Johnson & Johnson said adjusted earnings for the three months ending in September were pegged at $2.60 per share, up 18.2% from the same period last year and well ahead of the Street consensus forecast of $2.35 per share. Group revenues, Johnson & Johnson said, rose 10.5% to $23.3 billion, a figure that missed analysts' estimates of a $23.78 billion tally.
Looking into the final months of the year, Johnson & Johnson said it sees adjusted earnings in the region of $9.65 to $9.70 per share, up from a prior forecast of between $9.50 and $9.60, with sales -- including vaccines -- in the region of $94.1 billion to $94.6 billion, up from $92.5 billion to $93.3 billion.
"Our third-quarter results demonstrate solid performance across Johnson & Johnson, driven by robust above-market results in Pharmaceuticals, ongoing recovery in Medical Devices, and strong growth in Consumer Health," said outgoing CEO Alex Gorsky. "In the face of evolving marketplace dynamics resulting from the effects of COVID-19 and other global trends, we have continued to demonstrate the responsiveness and agility required to meet the needs of our stakeholders, while also successfully investing in a pipeline of innovation and key commercial platforms to drive our future growth."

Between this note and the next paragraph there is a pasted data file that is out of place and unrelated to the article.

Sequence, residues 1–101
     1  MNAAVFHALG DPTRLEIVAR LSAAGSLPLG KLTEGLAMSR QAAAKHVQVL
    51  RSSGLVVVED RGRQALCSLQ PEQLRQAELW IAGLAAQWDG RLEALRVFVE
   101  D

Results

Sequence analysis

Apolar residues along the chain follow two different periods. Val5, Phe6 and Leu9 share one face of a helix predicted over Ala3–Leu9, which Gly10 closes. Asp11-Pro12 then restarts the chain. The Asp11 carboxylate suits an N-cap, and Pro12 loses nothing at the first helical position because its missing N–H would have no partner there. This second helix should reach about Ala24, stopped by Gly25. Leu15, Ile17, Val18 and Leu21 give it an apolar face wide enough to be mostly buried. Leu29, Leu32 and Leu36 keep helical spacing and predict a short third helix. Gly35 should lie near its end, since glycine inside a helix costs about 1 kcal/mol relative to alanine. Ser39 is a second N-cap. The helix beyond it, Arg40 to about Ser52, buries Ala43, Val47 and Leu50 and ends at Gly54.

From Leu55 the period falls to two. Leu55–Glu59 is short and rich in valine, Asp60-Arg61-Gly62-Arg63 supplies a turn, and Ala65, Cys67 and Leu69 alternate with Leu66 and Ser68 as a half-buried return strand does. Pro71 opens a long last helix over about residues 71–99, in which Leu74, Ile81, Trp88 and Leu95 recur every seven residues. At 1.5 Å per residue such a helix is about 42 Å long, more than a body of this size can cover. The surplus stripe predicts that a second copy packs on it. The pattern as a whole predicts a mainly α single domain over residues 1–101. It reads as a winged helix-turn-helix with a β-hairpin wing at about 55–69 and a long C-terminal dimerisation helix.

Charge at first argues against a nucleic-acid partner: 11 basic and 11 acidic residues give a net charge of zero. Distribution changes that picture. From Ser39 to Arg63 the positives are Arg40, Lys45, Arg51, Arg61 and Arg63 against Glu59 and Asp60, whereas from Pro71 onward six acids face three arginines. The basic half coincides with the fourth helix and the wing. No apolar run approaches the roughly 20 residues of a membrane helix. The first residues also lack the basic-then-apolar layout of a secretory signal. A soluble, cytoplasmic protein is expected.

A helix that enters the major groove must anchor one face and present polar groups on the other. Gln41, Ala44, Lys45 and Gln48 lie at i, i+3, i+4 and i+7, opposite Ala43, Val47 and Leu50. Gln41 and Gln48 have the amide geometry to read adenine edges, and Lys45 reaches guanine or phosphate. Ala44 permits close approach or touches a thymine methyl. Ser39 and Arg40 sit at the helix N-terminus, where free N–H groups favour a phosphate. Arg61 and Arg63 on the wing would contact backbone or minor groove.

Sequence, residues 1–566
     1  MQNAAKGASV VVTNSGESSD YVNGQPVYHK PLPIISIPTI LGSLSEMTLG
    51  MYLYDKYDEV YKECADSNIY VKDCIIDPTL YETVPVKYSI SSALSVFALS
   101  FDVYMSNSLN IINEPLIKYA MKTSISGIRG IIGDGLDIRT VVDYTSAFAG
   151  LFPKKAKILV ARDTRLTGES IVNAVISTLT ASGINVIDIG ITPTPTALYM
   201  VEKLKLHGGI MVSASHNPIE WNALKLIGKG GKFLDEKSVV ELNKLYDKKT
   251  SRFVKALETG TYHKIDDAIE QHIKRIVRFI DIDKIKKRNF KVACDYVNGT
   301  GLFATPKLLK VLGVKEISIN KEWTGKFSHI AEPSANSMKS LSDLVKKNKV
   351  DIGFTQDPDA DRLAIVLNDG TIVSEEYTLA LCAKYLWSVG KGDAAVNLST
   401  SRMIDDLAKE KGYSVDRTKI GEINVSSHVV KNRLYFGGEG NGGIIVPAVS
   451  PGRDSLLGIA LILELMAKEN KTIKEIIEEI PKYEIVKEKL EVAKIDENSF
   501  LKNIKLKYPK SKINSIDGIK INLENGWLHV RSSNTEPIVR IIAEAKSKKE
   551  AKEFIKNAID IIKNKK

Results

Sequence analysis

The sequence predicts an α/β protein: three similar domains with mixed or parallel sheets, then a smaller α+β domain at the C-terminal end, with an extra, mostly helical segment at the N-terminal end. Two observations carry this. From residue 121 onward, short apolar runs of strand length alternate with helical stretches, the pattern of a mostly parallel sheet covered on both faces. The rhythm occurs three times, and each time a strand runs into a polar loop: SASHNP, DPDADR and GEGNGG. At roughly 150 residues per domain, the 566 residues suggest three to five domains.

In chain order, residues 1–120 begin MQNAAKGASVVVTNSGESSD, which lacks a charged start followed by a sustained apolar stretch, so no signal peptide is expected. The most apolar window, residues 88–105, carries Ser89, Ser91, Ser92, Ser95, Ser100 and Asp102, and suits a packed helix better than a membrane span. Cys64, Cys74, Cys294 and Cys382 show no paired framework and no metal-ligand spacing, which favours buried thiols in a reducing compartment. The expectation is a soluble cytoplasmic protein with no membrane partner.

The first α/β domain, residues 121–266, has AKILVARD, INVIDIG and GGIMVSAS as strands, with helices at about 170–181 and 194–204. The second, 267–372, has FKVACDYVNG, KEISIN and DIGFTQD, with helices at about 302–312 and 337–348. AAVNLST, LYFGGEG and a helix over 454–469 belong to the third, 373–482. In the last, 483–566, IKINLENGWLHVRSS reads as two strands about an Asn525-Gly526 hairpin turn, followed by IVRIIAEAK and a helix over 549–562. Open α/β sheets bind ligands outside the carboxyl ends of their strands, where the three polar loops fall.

"I am incredibly proud of our Company's transformative growth over the last decade," he added. "As I prepare to transition the role of CEO to Joaquin Duato in January, I want to extend my deepest gratitude to our colleagues around the globe who work tirelessly to deliver solutions to address the world's most urgent and unmet healthcare challenges."
Johnson & Johnson shares were marked 2.12% higher in early trading immediately following the earnings release to change hands at $163.50 each, a move that nudges the stock's year-to-date gain to around 4.5%.
Consumer health sales rose 5.3% to $3.7 billion, Johnson & Johnson said, while pharmaceutical sales jumped 13.8% to just under $13 billion. Medical device sales were up 8% from last year to $6.6 billion.
Vaccine sales for the third quarter, Johnson & Johnson said, came in at just over $500 million, a more than 200% increase from the prior period.
"Overall, Johnson & Johnson had a relatively in-line quarter," said JPMorgan analyst Chris Schott. "As always with Johnson & Johnson, there were a lot of moving pieces in the quarter, but the core pharma biz (ex-COVID vaccine) continues to generate above market growth (driven by Darzalex) while the device business was only modestly impacted by the delta variant."